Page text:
NewsOK: Oklahoma City News, Sports, Weather & Entertainment

Opinion: A new sheriff for Oklahoma County

Tommie Johnson is sworn in as Oklahoma County sheriff. [Chris Landsberger/The Oklahoman]
Tommie Johnson is sworn in as Oklahoma County sheriff. [Chris Landsberger/The Oklahoman]

Tommie Johnson III made a good first impression at his swearing-in Monday as the first Black sheriff in Oklahoma County history.

The 31-year-old Johnson, a Republican, won the job in November with 52% of the vote, defeating Democrat Wayland Cubit in a race between political newcomers. He assumed the office during a ceremony at U.S. Grant High School, his alma mater.

“This meant more to me than anything, to be able to come back and say ‘A young kid from the south side can make it,’” Johnson told the gathering. “We’re not all given the same starting point in life, but we can all work hard to get where we want in life. I’m an example of that.”

Johnson, a Norman police officer since 2015, said after winning election that he wanted to lead a “new era” where “public safety and community respect go hand-in-hand.” Purchasing body cameras for deputies will be his primary focus early on, he says, and he plans to foster better relationships in the community and improve fiscal transparency.

District 2 County Commissioner Brian Maughan said he was “really looking forward to his leadership. He has a spirit of cooperation.” Here’s wishing the new sheriff good luck.

Right message from Trump, but too late

President Trump struck the right tone with his videotaped message to the country Thursday night. However, it was much too little, too late. He spent the two months after the November election insisting it had been stolen, and Wednesday he urged supporters at a rally to join him in fighting to the end. What followed was the assault on the U.S. Capitol, one of the ugliest chapters in the nation’s history. “Now tempers must be cooled and calm restored,” he said Thursday. “We must get on with the business of America.” He's right. He also pledged an orderly transition of power. “This moment calls for healing and reconciliation,” Trump said. Right again — and he should follow through by inviting President-elect Joe Biden and his wife to the White House for the traditional courtesy visit. Doing so might just provide some salve for a country that badly needs it.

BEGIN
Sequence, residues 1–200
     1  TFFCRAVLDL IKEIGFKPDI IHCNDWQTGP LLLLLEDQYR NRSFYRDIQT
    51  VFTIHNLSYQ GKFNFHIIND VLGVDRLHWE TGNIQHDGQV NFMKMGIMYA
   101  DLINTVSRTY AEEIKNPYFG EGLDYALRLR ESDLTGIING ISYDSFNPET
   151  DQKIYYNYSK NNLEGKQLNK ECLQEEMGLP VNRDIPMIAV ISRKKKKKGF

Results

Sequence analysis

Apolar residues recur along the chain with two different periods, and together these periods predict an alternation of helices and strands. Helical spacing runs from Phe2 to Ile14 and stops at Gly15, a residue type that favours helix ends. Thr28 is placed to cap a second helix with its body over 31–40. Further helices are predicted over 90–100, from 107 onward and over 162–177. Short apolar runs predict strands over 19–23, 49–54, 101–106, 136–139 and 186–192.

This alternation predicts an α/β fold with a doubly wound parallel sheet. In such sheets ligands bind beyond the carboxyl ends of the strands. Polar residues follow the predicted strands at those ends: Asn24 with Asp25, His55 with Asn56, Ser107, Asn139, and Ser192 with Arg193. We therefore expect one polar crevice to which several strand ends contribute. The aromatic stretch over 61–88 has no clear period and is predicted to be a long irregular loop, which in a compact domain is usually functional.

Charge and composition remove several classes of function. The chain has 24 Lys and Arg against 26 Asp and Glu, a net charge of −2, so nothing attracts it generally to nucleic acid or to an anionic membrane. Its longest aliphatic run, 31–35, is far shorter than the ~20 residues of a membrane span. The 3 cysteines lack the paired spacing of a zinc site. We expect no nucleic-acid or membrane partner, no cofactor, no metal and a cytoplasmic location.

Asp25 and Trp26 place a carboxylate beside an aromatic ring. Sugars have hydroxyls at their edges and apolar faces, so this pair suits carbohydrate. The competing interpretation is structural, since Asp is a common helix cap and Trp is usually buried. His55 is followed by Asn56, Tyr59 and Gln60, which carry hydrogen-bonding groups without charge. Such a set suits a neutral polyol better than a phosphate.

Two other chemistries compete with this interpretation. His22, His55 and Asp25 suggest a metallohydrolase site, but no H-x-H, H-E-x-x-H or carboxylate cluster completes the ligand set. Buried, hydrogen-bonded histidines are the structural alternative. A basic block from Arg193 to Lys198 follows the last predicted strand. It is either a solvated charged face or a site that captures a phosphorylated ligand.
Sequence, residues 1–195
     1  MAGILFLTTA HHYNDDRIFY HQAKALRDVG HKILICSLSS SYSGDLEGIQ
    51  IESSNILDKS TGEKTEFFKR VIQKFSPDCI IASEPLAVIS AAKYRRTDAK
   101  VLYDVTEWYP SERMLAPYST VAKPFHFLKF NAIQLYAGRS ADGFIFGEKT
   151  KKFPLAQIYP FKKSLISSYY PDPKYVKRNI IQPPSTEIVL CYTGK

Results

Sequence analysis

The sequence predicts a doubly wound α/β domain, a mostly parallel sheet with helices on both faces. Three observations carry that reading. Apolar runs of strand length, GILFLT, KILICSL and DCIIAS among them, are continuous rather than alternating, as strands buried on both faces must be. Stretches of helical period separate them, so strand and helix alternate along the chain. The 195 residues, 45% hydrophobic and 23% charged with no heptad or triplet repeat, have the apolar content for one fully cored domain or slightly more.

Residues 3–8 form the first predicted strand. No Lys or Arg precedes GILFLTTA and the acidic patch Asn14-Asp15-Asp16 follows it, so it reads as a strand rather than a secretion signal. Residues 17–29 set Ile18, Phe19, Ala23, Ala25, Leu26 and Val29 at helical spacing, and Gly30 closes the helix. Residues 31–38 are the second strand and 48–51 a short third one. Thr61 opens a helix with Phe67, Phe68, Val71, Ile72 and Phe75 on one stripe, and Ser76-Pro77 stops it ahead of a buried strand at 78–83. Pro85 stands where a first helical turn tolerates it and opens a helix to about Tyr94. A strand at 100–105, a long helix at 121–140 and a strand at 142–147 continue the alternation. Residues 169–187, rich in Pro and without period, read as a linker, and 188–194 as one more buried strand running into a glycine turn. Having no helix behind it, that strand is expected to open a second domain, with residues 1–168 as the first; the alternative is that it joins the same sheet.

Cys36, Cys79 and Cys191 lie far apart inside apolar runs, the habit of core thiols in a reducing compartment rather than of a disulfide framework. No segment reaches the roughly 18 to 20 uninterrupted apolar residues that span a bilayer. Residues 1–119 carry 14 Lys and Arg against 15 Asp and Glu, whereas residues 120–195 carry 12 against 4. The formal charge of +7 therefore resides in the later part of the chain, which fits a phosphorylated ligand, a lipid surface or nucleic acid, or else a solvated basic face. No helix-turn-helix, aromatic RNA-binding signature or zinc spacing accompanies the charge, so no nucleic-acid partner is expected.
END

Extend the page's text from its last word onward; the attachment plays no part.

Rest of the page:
Another effort to curb local control

A Republican state senator wants to keep cities and municipalities from imposing mask mandates related to COVID-19. We’ve seen this before from GOP members who otherwise say they support local control. Several years ago, an effort in Oklahoma City sought to let residents vote on whether to increase the minimum wage. The GOP-controlled Legislature promptly passed a bill banning that option. The Legislature also has mostly kept cities and counties from passing tobacco rules that are more stringent than state rules. Senate Bill 224 by Sen. Nathan Dahm, R-Broken Arrow, would pre-empt cities and towns from imposing or enforcing their own mask ordinances. More than 30 cities have issued mask ordinances since the start of the pandemic. City leaders in Broken Arrow have chosen not to. That is their prerogative, and it should remain that way for Broken Arrow and other municipalities. As Gov. Kevin Stitt has said repeatedly while not imposing a statewide mandate, the decision about mask use in public should be made at the local level. The Legislature should reject SB 224.

A startling update on coronavirus cases

Oklahoma had another troubling week on the coronavirus front. On Wednesday, the state Health Department reported 62 deaths during the previous 24 hours. As has been the case from the outset, the great majority of deaths listed in the report were people 65 or older. However, two of the victims were in the 18-35 age group and three were in the 36-49 age group. This update should serve as a reminder that people of all ages are susceptible to COVID-19, and that people of all ages need to take precautions. Vaccines are on the way but, but practicing the three Ws remains paramount — wash hands regularly, watch your distance from others, and wear a mask when social distancing isn’t possible.


Opinion editor Owen Canfield is in his 18th year writing editorials for The Oklahoman and has spent nearly 40 years in journalism. Email him at or call (405) 475-3205. Support his work and that of other Oklahoman journalists by purchasing a print or digital subscription at

Owen Canfield III

Owen Canfield has written editorials for The Oklahoman since 2003. Prior to that, he spent 19 years with The Associated Press in Oklahoma City. He is a 1981 graduate of the University of Oklahoma. He and his wife, Lori, have four children. Read more ›